Less than a block away from Summerfield is All Saints’ Cathedral, or more formally, the Cathedral Church of All Saints, seat of the Episcopalian Bishop of Milwaukee.

Cathedral Church of All SaintsEdward Townsend Mix, a busy 19th-century Milwaukee architect, designed the building for Olivet Congregational Church in 1868, but it wasn’t long (1871) before the Episcopal diocese bought it, consecrating the structure as a cathedral in 1898.

All Saints' Cathedral, MilwaukeeAll Saints' Cathedral, MilwaukeeI’ve read that the congregation there is Anglo-Catholic, and we found the interior traditionalist in one way at least: no air conditioning. That made the place warm on the day we were there. But that wasn’t so bad. We sat and listened to part of an organ concert at the cathedral, an all-J.S. Bach program by Canon Joseph A. Kucharski, cathedral precentor.

Interesting note from the handout that the cathedral gave us: “1825: The first Episcopal priest was brought to the Wisconsin Territory at the request of the Stockbridge (NY) Oneida (a.k.a. the Mohican tribe of the Algonquin nation), who moved first to the lands along the Fox River in 1818, then to the east shore of Lake Winnebago. To this day, the Cathedral Church of All Saints has active Oneida members.”

On N. Waverly Pl., near the other churches, is Immanuel Presbyterian Church.
Immanuel Presbyterian ChurchThe church asserts that it was the first congregation in Milwaukee, organized in 1837. The building dates from 1875, except that it burned down in 1887 and was rebuilt by 1889. Various other changes followed in the 20th century. Edward Townsend Mix again.

Spare indeed, but elegant.
Immanuel Presbyterian Church, MilwaukeeWith many fine stained glass windows.
Immanuel Presbyterian Church, MilwaukeeImmanuel Presbyterian Church, MilwaukeeThere was one more church nearby open for Milwaukee Doors Open, but we wanted lunch, and besides, five is probably enough for any one day. Aesthetic overload begins to set in: Gee, look, another beautiful church, with magnificent stained glass. Wow. You know, I’d really like a hamburger.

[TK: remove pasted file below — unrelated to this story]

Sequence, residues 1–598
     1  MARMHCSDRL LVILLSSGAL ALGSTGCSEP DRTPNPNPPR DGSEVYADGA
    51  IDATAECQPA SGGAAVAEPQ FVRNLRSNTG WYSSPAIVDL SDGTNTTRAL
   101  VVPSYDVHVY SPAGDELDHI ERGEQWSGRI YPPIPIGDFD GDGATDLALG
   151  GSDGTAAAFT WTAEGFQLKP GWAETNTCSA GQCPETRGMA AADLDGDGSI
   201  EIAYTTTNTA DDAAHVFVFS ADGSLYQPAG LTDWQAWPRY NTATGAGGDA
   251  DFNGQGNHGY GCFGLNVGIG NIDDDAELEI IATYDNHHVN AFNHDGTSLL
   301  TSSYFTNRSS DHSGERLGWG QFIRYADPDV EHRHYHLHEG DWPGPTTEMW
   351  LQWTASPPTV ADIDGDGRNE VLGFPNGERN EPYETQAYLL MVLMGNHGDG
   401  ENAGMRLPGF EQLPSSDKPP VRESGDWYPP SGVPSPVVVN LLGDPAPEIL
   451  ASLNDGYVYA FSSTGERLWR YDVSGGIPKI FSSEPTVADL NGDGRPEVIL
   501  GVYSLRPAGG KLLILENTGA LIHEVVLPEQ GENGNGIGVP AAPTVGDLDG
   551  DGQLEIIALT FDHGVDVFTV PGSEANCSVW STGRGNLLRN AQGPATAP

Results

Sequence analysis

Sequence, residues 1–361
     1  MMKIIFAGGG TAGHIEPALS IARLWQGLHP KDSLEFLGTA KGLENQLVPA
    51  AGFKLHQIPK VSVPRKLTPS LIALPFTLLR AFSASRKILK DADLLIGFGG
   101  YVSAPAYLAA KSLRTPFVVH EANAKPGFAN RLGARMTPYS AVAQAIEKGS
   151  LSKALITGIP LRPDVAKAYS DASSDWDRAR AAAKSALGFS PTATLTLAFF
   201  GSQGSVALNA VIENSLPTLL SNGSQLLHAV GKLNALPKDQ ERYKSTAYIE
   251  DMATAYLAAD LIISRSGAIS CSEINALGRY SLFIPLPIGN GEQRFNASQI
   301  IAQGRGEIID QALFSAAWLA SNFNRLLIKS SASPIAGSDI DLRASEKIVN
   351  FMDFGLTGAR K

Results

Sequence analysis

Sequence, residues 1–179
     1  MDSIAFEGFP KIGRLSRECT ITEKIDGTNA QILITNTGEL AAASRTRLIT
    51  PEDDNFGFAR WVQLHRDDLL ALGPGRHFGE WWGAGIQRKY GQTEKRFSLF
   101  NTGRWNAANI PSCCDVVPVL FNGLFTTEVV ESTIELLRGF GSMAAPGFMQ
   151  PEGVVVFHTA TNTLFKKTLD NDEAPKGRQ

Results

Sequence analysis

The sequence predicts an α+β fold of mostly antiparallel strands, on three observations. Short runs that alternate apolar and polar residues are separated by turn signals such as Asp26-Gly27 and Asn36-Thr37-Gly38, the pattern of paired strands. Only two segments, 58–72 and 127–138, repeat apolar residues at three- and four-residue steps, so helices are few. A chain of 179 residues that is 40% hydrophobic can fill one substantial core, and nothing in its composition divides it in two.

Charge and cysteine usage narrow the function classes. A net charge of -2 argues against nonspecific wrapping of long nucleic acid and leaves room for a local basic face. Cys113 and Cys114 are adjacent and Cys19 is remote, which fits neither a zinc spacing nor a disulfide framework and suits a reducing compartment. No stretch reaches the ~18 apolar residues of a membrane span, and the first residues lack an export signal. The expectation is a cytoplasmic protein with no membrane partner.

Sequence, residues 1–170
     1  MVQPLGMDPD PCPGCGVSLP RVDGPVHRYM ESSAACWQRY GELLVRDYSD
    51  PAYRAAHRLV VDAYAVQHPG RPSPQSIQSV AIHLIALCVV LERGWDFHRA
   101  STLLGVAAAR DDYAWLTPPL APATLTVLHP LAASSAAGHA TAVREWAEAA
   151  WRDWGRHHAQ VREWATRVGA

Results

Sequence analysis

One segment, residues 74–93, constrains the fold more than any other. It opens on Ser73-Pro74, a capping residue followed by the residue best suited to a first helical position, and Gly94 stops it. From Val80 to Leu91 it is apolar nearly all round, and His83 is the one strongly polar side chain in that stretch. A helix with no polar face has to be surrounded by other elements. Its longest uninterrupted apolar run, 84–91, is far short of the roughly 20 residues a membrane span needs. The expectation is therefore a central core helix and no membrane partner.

Return to the Basilica of St. Josaphat

The last time we visited the Basilica of St. Josaphat in Milwaukee, the sky was slate gray and drizzly. This time, an unusually hot September sun in perfectly blue skies bore down on the church. The basilica looked as imposing as ever.
Basilica of St. Josaphat, Milwaukee

Back in 2011, I related the story of how the church was built of recycled bricks from a massive Chicago post office, and a bit about the saint, so I won’t repeat myself. The visit this time was mainly about getting a longer look at the opulent interior, patterned after St. Peter’s in Rome, only smaller.

Basilica of St. Josaphat, Milwaukee

The splendid dome.
Basilica of St. Josaphat, MilwaukeeAnd more.

Basilica of St. Josephat, MilwaukeeBasilica of St. Josephat, MilwaukeeBasilica of St. Josephat, MilwaukeeThe rose window.

Basilica of St. Josephat, MilwaukeeOther fine windows.

Basilica of St. Josephat, MilwaukeeDownstairs is the relic room. A big stash of them in many reliquaries. The room looks open, but I put my camera between iron bars to capture the image.
Relics of the Basilica of St. Josephat, MilwaukeeThere’s one from St. Josaphat, which seems appropriate, as well as St. Francis of Assisi, St. Nicholas of Myra, St. Sebastian, St. Maximilian Kolbe, St. Stanislaus Kostka, St. Bridget of Sweden, St. Pius X, and St. John Paul II, among others.